It is easy to be overwhelmed by the grandeur that surrounds you on the Berkeley campus. Regal buildings plant themselves alongside groves of ancient eucalyptus trees, Strawberry Creek flows along banks and under bridges, and above all of this the Campanile rises, proud and tall, marking the hour as they pass. The students scurrying past you are undoubtedly some of the brightest minds of their generation and these minds are at work in the impressive halls and behind their age-smoothed wooden doors discoveries are being made that may one day change the world.
I look at these things sometimes and I panic, thinking I may never be able to live up to those who came before and who walk with me now. I can barely handle doing my laundry on a regular basis — it takes until I have literally no socks left before I begin thinking about it, and even then I used to use my free trial of Amazon Prime to order new socks within a day. I feel as though I am swept up by the tide of ambitious minds and, because I am not strong enough to fight the indefatigable force of their movement, I let it roll over me in waves while I clamber for a breath, a small break in the beating.
But I am able to tread water sometimes. My mind is able to find peace in the way genius can be human. The same person who may one day rewrite the entire Diagnostic and Statistical Manual of Mental Disorders is also the person who willingly sacrificed her injured foot for the sake of stylish boots. Perhaps the smartest people I have ever met are also the ones who will not let a joke, especially a pun, ever die. Berkeley is the place where a physicist and an engineer can team up to siphon spilled vodka off a freezer floor back into the bottle using a straw. The same campus that hosts Nobel prize winners, former presidents and global change-makers also sent out an emergency email to the entire student population that just said “mmmmmmm.”
My inadequacy comes in ebbs and flows; I find that when I am still, everyone around me is quick to surpass. On the rare days when I have my life together I stand on equal footing with my peers and feel as though I belong among them. It is a struggle for me to keep standing, and I often wonder if everyone else is fighting as hard as I am. I think they are, because I often commiserate with them about how we have three essays due tomorrow and meetings until 10 pm tonight. We all joke about how the fuel powering our bodies is mostly caffeine and that sleep is a foreign concept to us.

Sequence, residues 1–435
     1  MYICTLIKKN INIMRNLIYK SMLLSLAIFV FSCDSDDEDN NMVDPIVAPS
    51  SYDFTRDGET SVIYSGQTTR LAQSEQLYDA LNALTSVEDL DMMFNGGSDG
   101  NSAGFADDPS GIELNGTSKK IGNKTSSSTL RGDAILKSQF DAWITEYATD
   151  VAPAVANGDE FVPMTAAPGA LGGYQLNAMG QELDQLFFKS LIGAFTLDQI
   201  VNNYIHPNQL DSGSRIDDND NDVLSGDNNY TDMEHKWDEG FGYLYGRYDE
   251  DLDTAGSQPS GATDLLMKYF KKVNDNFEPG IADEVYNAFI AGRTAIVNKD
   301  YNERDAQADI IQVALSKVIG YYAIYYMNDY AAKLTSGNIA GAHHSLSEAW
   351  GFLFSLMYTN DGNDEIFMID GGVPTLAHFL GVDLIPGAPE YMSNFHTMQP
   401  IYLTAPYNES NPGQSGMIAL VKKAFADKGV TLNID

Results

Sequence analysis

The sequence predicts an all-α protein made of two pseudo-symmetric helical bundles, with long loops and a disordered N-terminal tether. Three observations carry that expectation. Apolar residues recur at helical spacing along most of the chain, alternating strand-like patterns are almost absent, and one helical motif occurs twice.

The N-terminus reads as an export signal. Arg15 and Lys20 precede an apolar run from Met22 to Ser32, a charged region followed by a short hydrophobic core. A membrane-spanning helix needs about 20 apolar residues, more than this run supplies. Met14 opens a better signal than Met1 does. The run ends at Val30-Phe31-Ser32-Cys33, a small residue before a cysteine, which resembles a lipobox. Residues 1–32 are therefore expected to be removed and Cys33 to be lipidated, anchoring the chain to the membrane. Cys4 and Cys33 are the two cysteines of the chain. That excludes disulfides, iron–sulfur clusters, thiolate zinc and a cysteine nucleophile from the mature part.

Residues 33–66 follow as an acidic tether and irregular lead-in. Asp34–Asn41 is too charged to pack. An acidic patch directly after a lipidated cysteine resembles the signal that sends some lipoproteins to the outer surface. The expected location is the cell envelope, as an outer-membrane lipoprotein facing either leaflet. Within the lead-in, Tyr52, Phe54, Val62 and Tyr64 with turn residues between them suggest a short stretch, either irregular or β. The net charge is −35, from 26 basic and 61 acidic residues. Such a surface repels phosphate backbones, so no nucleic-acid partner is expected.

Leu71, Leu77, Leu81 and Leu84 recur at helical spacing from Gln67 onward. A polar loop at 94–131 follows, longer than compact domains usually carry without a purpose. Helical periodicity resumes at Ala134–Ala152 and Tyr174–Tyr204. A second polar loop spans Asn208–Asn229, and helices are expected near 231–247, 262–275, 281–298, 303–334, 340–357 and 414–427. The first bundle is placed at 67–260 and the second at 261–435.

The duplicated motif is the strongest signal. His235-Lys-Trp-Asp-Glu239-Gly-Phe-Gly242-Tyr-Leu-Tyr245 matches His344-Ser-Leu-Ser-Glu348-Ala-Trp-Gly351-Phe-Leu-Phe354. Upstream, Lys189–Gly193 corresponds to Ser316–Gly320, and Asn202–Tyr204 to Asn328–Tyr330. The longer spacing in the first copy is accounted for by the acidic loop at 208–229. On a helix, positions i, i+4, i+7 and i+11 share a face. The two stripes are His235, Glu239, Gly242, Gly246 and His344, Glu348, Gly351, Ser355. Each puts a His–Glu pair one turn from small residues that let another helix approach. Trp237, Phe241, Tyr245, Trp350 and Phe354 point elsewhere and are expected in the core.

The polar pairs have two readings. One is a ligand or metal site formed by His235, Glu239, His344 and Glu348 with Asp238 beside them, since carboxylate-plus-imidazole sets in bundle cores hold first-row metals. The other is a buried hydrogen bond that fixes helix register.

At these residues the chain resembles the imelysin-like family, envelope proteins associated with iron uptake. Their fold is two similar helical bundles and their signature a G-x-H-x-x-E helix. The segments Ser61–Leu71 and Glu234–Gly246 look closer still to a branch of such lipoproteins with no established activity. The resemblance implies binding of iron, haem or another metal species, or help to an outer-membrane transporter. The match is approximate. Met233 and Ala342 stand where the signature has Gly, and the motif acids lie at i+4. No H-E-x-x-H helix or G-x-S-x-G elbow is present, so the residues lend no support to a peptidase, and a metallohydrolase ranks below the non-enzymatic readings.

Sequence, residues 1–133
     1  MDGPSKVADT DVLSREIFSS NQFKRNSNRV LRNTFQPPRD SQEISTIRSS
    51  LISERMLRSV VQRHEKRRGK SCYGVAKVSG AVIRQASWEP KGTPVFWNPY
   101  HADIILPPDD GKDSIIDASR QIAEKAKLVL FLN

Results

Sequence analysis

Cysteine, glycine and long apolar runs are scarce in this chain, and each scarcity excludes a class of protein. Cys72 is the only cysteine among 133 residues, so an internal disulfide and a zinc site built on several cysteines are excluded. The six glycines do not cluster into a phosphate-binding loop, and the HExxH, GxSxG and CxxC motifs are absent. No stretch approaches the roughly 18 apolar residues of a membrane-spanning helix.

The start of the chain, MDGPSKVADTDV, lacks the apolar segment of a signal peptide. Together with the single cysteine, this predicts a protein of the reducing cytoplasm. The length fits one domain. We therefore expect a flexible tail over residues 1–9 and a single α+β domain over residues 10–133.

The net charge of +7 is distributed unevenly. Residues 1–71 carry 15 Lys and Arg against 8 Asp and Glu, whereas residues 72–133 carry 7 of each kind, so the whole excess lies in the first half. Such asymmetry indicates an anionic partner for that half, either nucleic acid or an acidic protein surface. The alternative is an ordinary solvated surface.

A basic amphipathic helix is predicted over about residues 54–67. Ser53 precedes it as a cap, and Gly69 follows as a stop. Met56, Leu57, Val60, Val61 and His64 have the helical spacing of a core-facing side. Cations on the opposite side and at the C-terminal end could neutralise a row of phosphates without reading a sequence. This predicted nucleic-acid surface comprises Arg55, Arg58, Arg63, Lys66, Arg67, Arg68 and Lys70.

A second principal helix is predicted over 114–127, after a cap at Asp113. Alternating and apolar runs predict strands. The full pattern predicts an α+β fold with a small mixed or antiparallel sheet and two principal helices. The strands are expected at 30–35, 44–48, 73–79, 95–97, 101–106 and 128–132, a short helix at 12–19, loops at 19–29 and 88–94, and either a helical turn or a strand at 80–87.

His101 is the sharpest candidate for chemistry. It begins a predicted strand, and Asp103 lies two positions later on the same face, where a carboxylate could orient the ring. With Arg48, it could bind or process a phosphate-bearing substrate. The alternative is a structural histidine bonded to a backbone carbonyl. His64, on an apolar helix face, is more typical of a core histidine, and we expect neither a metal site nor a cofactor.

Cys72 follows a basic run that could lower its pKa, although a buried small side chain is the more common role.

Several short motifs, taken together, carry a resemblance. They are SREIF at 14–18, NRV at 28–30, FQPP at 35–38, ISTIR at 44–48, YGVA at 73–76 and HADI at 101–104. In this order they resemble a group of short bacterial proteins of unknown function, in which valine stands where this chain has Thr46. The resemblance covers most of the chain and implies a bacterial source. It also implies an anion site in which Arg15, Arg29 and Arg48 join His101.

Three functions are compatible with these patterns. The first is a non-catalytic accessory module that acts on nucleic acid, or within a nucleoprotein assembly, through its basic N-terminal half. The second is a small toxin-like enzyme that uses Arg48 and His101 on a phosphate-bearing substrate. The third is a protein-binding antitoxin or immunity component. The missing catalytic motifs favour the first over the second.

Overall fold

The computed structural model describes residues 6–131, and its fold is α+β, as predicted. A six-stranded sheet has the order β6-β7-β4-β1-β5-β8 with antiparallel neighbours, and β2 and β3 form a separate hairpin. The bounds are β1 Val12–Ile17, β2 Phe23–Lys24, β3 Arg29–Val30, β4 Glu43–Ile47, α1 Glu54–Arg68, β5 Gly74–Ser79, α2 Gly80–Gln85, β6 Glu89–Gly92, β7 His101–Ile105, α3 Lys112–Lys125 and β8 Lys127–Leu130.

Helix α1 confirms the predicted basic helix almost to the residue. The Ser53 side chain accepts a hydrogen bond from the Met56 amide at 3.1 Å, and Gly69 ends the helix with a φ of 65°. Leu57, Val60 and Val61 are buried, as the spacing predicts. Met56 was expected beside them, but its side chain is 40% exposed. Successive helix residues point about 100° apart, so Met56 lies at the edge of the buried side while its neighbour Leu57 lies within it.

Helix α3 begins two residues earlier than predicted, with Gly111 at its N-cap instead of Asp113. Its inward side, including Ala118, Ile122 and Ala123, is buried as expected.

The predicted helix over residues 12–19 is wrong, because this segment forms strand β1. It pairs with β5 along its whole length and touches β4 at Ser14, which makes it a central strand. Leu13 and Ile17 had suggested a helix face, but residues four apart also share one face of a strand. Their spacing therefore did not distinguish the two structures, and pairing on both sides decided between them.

I feel a deep-seated need within myself to be extraordinary, a pressure against my ribcage drives me to live up to the expectations I created for myself when I came here where extraordinary is ordinary.
The legacy that Berkeley carries with it, one that I placed on my shoulders when I joined the ranks of bright-eyed and eager students, is a heavy one. It consists of high expectations and proud parents, challenging courses and demanding commitments. The legacy of Berkeley is a wide path that each us, trampling our miniscule footprints onto its surface, strive to make an impact on. We feel as though we owe it to our school to be something, anything, in the world after we graduate into the global citizens our school has made us.
But that is not to say our school doesn’t owe us anything. No, it needs to live up to its legacy as well. Its legacy of free speech, inclusion, inspiring teachers and an impassioned cultural mission to spread the values of a public education. Its legacy of being “a haven for communist sympathizers, protestors and sex deviants,” according to Ronald Reagan — which I myself would live up to except the Daily Californian doesn’t let its writers protest. And there are parts of its history we hope it leaves in the past — like its history of protecting tenured professors for more than the purpose of “academic freedom.”
I never understood blind loyalty. I will not pledge allegiance to anything that doesn’t support me in return. I expect my university to rise to the expectations and needs of its students, to uphold its legacy. I plan to hold the University of California, Berkeley to the promise it made when it first became great it owes us to continue its legacy, and only then can we carry it out into the world, spreading the shining beacon of light Berkeley was meant to be.
Contact Anderson Lanham at [email protected].